Democrats on Monday will announce details of a proposed bill that would send monthly checks of around $300 to families with children up to age 17, according to the Washington Post.
The payments, which would be administered by the Internal Revenue Service, would divide $3,600 over the course of a year for every child under the age of 6, as well as $3,000 per child for children ages 6 to 17.
As with the direct payment checks Americans have gotten from the federal government, the size of the benefit would diminish for those earning more than $75,000 per year, as well as for couples jointly earning more than $150,000 per year.
According to the plan the Post was able to see in advance, the payments would be sent monthly beginning in July and would last for a year.
The bill, being shepherded by Rep. Richard Neal, D-Massachusetts, would base eligibility for the payments on families’ prior-year income. The child benefit payments would be directly deposited into bank accounts as the first two stimulus payments were.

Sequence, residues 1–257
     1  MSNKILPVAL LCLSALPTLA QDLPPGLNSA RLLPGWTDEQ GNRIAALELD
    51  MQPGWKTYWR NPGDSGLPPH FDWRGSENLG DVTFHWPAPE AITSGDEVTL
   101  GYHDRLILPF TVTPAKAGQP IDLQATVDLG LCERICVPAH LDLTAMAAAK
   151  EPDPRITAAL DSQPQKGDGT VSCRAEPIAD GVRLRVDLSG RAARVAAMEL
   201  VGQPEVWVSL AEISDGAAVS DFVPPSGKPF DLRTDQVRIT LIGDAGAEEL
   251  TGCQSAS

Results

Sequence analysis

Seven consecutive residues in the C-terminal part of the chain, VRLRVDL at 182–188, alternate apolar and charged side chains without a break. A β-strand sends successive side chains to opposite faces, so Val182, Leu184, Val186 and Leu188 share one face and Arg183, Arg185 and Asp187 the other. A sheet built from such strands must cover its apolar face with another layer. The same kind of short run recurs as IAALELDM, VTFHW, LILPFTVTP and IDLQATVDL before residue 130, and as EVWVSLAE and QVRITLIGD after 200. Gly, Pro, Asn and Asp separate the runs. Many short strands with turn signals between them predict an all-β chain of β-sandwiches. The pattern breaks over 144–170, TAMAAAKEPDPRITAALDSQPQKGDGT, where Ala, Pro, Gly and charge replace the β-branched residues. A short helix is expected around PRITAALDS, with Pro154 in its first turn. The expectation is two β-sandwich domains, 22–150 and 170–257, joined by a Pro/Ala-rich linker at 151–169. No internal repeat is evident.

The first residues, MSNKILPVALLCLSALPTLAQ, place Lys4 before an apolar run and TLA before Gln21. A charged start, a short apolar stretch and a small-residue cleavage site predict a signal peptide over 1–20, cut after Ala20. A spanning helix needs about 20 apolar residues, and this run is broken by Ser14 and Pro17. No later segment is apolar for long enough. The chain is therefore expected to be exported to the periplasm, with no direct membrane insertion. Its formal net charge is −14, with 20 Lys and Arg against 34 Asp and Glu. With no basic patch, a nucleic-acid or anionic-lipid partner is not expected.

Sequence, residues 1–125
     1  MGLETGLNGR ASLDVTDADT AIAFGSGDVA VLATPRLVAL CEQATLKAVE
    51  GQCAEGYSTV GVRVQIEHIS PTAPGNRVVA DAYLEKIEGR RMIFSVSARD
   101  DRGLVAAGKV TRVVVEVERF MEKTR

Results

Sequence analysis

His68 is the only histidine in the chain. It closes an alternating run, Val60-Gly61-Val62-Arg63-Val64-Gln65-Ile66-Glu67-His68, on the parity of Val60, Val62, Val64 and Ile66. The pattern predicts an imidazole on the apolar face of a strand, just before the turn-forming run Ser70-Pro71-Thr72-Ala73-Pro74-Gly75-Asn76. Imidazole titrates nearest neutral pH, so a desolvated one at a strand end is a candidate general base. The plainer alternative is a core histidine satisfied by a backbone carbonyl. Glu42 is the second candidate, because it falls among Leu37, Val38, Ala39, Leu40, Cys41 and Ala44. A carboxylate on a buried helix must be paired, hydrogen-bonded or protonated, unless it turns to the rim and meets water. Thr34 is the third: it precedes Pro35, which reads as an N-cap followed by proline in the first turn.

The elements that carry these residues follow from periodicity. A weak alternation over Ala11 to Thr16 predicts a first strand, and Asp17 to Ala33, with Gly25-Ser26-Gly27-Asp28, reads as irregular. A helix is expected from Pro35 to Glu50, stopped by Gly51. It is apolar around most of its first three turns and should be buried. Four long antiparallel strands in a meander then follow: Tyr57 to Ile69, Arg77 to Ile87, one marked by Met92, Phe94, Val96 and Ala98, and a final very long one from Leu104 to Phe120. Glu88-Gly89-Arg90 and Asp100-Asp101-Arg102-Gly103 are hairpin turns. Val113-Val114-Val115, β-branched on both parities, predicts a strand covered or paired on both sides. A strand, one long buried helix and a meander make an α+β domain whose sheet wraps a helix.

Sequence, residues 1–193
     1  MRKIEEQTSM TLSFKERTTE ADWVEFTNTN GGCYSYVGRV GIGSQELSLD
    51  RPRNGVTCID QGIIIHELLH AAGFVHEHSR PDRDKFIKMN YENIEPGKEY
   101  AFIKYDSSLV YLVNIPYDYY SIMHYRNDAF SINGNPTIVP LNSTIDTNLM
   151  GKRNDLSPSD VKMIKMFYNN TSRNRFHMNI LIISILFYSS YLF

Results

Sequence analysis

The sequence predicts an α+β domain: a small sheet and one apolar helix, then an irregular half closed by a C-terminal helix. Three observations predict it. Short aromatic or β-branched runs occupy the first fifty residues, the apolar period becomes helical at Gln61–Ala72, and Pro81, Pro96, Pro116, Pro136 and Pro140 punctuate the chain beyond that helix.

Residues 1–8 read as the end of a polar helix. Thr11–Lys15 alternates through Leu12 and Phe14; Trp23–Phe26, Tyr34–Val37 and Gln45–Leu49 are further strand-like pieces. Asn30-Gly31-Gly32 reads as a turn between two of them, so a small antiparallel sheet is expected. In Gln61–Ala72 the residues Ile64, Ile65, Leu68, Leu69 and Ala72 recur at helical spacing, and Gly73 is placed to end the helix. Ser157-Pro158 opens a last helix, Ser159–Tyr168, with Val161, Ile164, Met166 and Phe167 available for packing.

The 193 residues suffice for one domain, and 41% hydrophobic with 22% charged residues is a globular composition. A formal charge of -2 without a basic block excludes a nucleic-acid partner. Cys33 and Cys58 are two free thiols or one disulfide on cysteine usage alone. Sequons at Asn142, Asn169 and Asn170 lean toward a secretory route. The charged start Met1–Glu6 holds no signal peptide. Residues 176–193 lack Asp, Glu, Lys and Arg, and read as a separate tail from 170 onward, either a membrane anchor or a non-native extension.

Neal’s bill, comes days after a similar bill was proposed by Republican Sen. Mitt Romney. Romney’s bill calls for $4,200 per year for every child up to the age of 6, as well as $3,000 per year for every child age 6 to 17.
Romney’s plan, called the Family Security Act, would include eliminating the Temporary Assistance for Needy Families program, in addition to other federal tax credits for children and working families.
Sens. Marco Rubio, R-Florida, and Mike Lee, R-Utah, released a joint statement late Thursday criticizing Romney’s plan as “welfare assistance.”
Rubio and Lee proposed a plan that increases the child tax credit to $3,500, and $4,500 for young children. The current child tax credit is $2,000 a year.
Neal’s plan would see the payments last one year, though congressional Democrats have said they would support a plan for the policy to be made permanent later in the year, the Post reported.
According to the bill, families would be able to access an online portal to update information if their annual incomes decline and they became eligible for the payment.
“The pandemic is driving families deeper and deeper into poverty, and it’s devastating,” Neal, chairman of the House Ways and Means Committee, said in a statement Sunday.
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